3) Don't forget to work on your rhythm guitar!
And on to the technique stuff..
4) Examine the mechanics of your playing. Make sure all of your movements are efficient, and that there is no awkwardness in there.
5) Eliminate as much tension as you possible can.
6) Work on your finger independence.
7) Work on your sync between your hands.
8) Read Freepower's sticky at the top of this forum. There is more than enough in there to get you headed in the right direction.
#28
I like to think of guitar playing as working out, in a sense at least. A lot of people can sprint, but not everyone trains themselves enough to be able to run at a steady pace.

I play black metal, and as such am required to tremelo pick a lot. A few months ago I had joined a local black metal band, and realized that while I could tremelo pick well; I never really practices going at it for extended periods of time (3-10 minutes). An additional problem I encountered was extended chord structures, ranging from 4-7 fret stretches. All this while playing tremelo and at high tempos.

So how do you learn? Practice. Set up a regimen and keep to it. I would practice daily for at least an hour, and play along with songs I knew so I could build up my dexterity.
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#29
what they said. The hardest thing abut playing fast is getting a speed barrier, meaning no matter what you do you'll get stuck at say, 160bpm. this is where playing with others comes into play, after all, playing everything at one set tempo gets boring fast and most players arent too good at manipulating speed. I think playing fast is all muscle memory, playing slow requires some thought, so obviously go slow then work your way up, and record yourself and let others hear your good takes to see just how clean you really are.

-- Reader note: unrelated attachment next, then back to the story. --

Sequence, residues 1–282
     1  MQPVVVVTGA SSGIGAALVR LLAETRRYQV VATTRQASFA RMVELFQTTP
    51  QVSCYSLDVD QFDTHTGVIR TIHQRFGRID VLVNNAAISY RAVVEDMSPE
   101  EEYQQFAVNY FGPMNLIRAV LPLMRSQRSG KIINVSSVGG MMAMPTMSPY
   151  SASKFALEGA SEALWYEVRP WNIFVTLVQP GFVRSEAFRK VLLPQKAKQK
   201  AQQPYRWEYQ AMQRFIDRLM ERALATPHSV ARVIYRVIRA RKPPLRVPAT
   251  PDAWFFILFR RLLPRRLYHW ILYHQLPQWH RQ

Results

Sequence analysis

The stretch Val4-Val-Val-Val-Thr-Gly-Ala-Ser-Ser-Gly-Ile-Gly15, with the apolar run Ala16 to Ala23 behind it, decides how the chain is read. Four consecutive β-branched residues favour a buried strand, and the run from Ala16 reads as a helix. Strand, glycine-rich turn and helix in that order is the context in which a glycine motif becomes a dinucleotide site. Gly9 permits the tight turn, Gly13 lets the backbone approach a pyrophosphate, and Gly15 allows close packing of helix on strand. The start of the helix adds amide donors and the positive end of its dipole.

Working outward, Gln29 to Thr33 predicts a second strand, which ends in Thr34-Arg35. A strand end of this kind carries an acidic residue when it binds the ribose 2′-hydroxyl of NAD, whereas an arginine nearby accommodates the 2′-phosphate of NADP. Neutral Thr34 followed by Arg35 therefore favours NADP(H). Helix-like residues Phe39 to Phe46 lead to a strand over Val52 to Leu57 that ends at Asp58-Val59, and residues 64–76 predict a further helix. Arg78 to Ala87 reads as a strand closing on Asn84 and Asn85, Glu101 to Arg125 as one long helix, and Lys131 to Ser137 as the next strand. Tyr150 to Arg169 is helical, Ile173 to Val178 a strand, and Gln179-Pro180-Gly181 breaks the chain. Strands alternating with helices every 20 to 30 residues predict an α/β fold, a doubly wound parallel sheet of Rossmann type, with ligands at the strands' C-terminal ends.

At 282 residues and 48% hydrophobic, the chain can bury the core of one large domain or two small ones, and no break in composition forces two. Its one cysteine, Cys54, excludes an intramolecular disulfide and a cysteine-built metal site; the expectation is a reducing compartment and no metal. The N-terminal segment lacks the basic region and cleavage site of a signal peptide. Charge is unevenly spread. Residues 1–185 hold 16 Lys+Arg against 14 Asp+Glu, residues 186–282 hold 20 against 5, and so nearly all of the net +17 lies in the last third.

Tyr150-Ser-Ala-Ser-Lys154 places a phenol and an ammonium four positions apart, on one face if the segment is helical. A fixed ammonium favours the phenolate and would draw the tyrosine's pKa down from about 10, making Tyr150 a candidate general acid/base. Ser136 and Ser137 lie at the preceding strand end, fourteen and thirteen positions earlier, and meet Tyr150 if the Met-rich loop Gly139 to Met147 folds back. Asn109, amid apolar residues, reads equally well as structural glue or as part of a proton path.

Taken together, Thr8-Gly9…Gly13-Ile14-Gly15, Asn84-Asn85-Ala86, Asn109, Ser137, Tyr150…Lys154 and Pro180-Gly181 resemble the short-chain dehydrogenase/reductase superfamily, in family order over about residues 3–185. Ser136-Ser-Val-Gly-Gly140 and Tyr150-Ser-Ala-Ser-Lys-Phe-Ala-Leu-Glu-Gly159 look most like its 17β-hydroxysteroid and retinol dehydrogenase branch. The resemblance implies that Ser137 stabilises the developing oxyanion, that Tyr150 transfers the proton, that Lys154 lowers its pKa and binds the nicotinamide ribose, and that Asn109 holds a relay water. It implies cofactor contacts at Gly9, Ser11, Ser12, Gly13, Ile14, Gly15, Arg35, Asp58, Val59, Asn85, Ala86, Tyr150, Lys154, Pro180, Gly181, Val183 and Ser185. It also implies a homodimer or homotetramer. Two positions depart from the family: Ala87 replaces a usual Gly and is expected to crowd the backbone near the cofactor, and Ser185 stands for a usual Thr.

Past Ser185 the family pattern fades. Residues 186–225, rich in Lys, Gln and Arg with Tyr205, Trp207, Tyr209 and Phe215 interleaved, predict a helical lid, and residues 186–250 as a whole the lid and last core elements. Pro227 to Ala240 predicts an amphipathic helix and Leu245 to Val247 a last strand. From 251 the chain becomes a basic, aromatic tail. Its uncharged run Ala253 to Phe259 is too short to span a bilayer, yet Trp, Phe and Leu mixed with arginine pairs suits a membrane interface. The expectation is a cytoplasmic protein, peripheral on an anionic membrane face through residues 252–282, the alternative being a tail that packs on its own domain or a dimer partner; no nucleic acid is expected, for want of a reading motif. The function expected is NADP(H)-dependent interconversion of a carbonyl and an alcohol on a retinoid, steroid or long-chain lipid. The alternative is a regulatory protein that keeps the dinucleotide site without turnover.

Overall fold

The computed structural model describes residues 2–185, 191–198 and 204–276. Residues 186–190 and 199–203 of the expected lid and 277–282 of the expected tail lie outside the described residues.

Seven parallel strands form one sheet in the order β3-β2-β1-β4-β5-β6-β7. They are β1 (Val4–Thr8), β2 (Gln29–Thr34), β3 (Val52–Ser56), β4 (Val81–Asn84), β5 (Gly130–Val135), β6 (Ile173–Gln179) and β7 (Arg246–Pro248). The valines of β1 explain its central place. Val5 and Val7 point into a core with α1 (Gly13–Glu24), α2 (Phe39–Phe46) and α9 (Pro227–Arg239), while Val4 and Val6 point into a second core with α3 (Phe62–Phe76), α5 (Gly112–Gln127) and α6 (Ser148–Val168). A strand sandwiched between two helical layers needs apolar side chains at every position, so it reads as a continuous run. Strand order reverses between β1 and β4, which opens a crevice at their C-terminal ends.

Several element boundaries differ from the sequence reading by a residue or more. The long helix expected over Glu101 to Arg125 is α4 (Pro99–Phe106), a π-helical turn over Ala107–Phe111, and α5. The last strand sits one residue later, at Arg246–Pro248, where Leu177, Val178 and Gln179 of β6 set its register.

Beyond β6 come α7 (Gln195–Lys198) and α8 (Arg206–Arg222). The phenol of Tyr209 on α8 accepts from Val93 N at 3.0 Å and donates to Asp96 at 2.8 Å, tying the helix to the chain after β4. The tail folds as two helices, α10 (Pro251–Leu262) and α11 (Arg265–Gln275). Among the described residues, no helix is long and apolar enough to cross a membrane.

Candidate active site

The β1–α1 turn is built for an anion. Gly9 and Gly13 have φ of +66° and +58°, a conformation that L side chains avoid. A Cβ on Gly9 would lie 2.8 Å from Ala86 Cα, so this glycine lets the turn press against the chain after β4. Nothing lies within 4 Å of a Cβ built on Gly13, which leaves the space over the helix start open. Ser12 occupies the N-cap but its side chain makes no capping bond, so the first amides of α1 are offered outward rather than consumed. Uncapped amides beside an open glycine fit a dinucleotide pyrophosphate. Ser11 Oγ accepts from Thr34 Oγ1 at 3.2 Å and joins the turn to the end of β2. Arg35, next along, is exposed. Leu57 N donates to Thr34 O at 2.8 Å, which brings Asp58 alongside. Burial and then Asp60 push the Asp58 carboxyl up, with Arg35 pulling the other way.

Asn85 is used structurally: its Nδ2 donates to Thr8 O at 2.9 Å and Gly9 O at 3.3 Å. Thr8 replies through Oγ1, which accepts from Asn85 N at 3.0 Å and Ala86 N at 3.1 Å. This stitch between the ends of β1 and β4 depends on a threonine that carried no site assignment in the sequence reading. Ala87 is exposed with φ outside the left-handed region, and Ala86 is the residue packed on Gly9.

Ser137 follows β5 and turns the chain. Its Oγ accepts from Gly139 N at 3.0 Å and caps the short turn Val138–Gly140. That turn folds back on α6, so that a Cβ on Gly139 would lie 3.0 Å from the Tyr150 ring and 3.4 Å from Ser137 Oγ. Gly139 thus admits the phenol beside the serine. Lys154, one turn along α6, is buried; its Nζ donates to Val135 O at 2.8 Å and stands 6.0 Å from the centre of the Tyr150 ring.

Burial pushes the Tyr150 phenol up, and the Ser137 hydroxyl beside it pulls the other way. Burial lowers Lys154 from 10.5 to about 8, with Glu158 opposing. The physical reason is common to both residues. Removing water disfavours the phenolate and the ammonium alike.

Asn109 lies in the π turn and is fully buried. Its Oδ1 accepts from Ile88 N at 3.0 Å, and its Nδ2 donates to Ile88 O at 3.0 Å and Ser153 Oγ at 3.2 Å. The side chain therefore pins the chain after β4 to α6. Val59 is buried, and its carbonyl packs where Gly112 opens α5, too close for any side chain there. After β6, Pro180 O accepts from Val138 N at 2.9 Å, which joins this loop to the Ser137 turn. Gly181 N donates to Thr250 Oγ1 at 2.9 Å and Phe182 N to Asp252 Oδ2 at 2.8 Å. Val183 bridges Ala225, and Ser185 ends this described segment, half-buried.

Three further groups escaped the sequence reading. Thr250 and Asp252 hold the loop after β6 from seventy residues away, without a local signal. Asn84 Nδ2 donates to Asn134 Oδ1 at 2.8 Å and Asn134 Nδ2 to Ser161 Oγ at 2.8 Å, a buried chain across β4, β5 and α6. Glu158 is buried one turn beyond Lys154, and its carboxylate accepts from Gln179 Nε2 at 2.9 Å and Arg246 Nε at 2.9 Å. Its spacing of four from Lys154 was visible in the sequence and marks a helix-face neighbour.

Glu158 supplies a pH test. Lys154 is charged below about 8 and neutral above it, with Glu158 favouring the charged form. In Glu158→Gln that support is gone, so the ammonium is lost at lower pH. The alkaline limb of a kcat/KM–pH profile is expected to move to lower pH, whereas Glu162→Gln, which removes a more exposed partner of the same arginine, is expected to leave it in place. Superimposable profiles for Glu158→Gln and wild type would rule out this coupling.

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#30
Economy of movement is very important, with your picking and fretting.
#31
Quote by se012101
And know how to release it. The truth is that no matter how hard you try to play relaxed at all times, there will be certain licks that cause a little tension. The trick is knowing how to let it out right afterwards.

Actually you should know how to relax before you play a note too.
#32
Quote by The Horror!
Oh, he does
Btw, calm down, it's an internet forum


Okay, when you eventually come back here asking one of us for help, I'm gonna give you some bad advice and then see how it will work for you.

People actually do come here for serious advice, despite this place being an 'internet forum'.
Last edited by Dregen at Dec 26, 2009,
#33
Quote by tenfold
Actually you should know how to relax before you play a note too.


Agreed. Another not completely obvious one is learning how to relax while vibrato'ing. For example, you have a fast run ending on a held note with vibrato, followed by another fast run. A little tension builds up during the first run. If you were to just stop (without the hold and vibrato) you'd have time to relax before the next fast run, but the problem is your solo would sound disjointed. With the hold and vibrato it's a little harder to let go off the tension since you are still doing something with your fretting hand, but it's critical that you do because if you launch into the second fast run already tense, you are toast.